BEIRUT — Lebanese Prime Minister-designate Saad Hariri stepped down on Thursday after nearly nine months of failing to form a government with President Michel Aoun, plunging the floundering country into further chaos amid its most severe economic crisis in decades.
“President Aoun demanded amendments that I considered to be substantial in the cabinet lineup,” Hariri said following a 20-minute meeting with Aoun at the Presidential Palace in Baabda. “It is clear that [Aoun’s] position has not changed,” he said, adding that the two would “not be able to reach an understanding with each other.”
“May God help this country,” Hariri said.
Mere hours after the announcement, the lira, whose value had already hit a record low earlier in the day, was thrust into further volatility and uncertainty, and its value was beginning to slide as the market closed. Meanwhile, protests erupted across the country with demonstrators blocking roads in Tripoli, Sur, Sidon and several areas of Beirut, condemning the state’s failure to form a government.
Wissam, a protester at a roadblock in Beirut’s Ras al-Nabeh, said he had been hopeful that Hariri would succeed in forming a government today. “But when Hariri resigned, the lira rate [plummeted]. ... We want our voice to reach the president, who has taken us to hell. We can't even buy milk for our children, and there’s no Panadol in the pharmacies," Wissam told L’Orient Today.
On Wednesday, Hariri presented Aoun with a cabinet lineup proposal reportedly consisting of 24 ministers, which was seen as a final attempt at forming a government amid speculation that he would step down over his stalemate with the president. Many hoped this proposal would end the monthslong political impasse and see the establishment of a cabinet empowered to steer the country out of its devastating economic crisis.
However, Thursday’s announcement signifies that Hariri and Aoun failed to agree on the makeup of a future government despite having met 20 times during the better part of a year.
A statement from the presidency published on Thursday accused Hariri of being unwilling to discuss changes to the cabinet lineup proposal he had presented. It said Hariri suggested an additional day for Aoun to consider the proposal, but the president declined, saying, “What is the use of an extra day if the door to discussion is closed?”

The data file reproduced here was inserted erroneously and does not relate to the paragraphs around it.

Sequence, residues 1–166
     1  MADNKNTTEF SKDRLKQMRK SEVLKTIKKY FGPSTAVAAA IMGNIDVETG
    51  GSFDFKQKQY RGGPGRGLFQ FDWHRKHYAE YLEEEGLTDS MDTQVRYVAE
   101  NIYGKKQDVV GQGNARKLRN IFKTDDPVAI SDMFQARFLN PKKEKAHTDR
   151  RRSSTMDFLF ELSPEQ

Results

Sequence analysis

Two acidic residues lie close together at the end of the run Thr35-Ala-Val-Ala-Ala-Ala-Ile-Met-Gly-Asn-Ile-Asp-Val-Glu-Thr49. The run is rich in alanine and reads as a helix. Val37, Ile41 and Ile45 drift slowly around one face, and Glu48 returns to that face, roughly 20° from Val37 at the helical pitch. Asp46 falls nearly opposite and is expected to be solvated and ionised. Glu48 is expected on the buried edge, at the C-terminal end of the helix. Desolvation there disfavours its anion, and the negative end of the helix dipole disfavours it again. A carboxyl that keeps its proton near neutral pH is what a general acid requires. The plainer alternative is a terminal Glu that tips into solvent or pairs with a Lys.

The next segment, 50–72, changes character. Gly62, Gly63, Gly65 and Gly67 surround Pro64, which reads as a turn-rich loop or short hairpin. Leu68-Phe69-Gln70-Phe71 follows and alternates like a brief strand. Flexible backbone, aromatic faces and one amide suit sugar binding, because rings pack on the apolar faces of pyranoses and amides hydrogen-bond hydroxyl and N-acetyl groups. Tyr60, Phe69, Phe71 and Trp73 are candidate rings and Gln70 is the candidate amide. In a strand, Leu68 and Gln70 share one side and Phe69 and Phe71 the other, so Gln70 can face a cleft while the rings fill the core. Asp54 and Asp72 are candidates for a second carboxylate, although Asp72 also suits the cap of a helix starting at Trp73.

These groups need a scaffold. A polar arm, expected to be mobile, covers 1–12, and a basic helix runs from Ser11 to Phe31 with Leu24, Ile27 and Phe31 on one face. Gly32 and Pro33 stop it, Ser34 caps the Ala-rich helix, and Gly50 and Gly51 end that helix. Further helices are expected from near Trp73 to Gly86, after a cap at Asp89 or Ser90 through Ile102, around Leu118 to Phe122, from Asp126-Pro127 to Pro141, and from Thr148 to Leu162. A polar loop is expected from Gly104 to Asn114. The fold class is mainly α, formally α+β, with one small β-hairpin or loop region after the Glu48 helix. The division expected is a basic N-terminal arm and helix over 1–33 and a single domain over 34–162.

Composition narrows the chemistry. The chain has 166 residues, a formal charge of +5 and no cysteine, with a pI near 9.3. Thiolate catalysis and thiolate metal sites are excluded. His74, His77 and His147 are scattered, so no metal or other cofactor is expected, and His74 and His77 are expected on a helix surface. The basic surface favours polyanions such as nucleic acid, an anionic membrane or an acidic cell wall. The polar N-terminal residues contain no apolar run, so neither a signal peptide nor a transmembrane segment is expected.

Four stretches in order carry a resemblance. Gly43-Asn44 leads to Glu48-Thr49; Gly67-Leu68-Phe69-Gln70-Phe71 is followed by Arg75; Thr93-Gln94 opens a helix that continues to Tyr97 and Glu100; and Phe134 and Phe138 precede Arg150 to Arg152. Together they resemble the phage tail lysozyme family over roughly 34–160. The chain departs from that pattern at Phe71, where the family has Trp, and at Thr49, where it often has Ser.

The statement added that Aoun will set a date to hold binding parliamentary consultations with MPs to appoint a new prime minister as soon as possible.
Under Lebanon’s sectarian power-sharing system, the president must be a Maronite Christian while the prime minister must be a Sunni Muslim. There is no immediately apparent alternative to Hariri, a three-time former premier.
Lebanon has been without a fully empowered government for nearly a year, as its economic crisis has deepened with no end in sight.
Hariri, who was designated to form a government in October 2020, had originally pushed for an 18-member cabinet of independent specialists in line with a blueprint spearheaded by French President Emmanuel Macron, which proposed a government capable of implementing much-needed reforms.
Hariri has publicly accused the president of obstructing formation efforts in a bid to acquire enough ministers to secure veto power for him and his allies, although Aoun has denied this.
In a televised evening interview with Al Jadeed following his resignation, Hariri doubled down on the accusation, maintaining that he stepped down after Aoun insisted on obtaining veto power and that few members from the Free Patriotic Movement, the political party the president founded, would give the proposed cabinet confidence.
Hariri is now the second designated prime minister to resign in less than a year. In September, Mustapha Adib, a Lebanese diplomat, resigned less than a month after being appointed to the post, when cabinet formation efforts were stalled over a disagreement about who would lead the Finance Ministry.
The previous government, headed by caretaker Prime Minister Hassan Diab, resigned in the aftermath of the catastrophic Aug. 4 Beirut port explosion, which killed more than 200 people and injured thousands.
Following Hariri’s announcement, French Foreign Minister Jean-Yves Le Drian condemned the authorities’ failure to establish a government, saying that Hariri’s resignation is “one of the more dramatic episodes in the inability of Lebanese officials to find a way out of the crisis," and accused them of “cynical self-destruction.”
BEIRUT — Lebanese Prime Minister-designate Saad Hariri stepped down on Thursday after nearly nine months of failing to form a government with President Michel Aoun, plunging the floundering country into further chaos amid its most severe economic crisis in decades.“President Aoun demanded amendments that I considered to be substantial in the cabinet lineup,” Hariri said following a...